Quantitative Easing

Rising inflation: if we don’t act now, it won’t be temporary …

(MENAFN – The Conversation) UK consumer price inflation rose 3.2% year-on-year in August, the largest annual increase in nearly a decade. It was 1.2 percentage points above the number for July, making it the biggest monthly increase since the record started in 1997. Inflation is also a problem far beyond the UK: in the United States, it is currently 5.3%, for example. .

Bank of England economists conveniently attribute these large increases to temporary factors and say inflation will soon stop rising in the UK without much intervention. They point out that a year ago prices were artificially under control and as they returned to more “normal” levels we were destined to get high measures of inflation.

An example would be gasoline prices. Weak demand for commuting helped reduce them to around 113 pence per gallon at the pump in 2020, but as travel returned to pre-pandemic levels, increased demand for gasoline pushed prices up. at about 135 pence. Or you can watch the Eat Out to Help Out program, which lowered the prices people paid in restaurants in the summer of 2020. When the program ended, prices suddenly went up, which increased inflation.

The optimists’ argument is that these one-off changes will spill over into the system and prices will stabilize at their current levels. Yet not all price increases can be attributed to temporary factors. Deeper structural factors are also at play.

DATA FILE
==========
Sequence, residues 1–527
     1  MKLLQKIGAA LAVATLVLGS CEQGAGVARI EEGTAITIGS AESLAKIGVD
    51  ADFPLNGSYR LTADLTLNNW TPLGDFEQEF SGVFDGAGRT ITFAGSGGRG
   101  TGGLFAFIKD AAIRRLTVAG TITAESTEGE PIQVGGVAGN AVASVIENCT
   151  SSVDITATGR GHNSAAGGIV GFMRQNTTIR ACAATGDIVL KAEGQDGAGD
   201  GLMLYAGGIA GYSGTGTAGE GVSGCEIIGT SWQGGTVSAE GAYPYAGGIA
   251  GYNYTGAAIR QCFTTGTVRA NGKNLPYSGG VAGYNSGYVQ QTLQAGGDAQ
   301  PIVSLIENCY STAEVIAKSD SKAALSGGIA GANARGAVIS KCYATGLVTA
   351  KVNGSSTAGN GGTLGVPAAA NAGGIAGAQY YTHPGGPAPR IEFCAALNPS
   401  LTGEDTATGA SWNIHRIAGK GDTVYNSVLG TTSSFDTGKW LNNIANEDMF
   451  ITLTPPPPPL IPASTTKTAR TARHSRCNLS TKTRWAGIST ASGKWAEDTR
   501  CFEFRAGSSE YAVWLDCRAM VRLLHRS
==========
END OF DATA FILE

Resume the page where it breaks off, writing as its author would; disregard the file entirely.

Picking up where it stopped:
What are the causes of inflation

Inflation is measured by the Office for National Statistics, which records the prices of thousands of products. These prices are defined by an endless interaction between supply and demand in the economy (assuming the government does not step in to set prices in some way).

An abundance of surplus products or services means that prices are likely to fall, as we have seen with oil prices. On the other hand, the demand for products that cannot be fully met by supply usually pushes prices up. This has happened with hand sanitizers in 2020, for example, and more recently with used cars.

Ten years of inflation in the UK

Economics of commerce

Besides COVID, Brexit has certainly affected prices. This made trade with countries neighboring the UK more difficult and costly. This contributes to product shortages, driving up prices.

Brexit has also hampered production in the UK by alienating a percentage of EU nationals working in the country. Shortages of fruit pickers, truck drivers and NHS nurses have pushed up wages and made British production more expensive. And there is the potential for political and trade disruption between the UK and the EU, especially in Northern Ireland, which could make products and production even more expensive.

Another important structural factor for inflation is the pound sterling. The UK imports hundreds of billions of pounds of consumer goods and raw materials. A weaker pound sees the country paying more of its currency to buy goods from abroad, making those goods more expensive in pounds.

It doesn’t buy you much these days. Yulia Grigorieva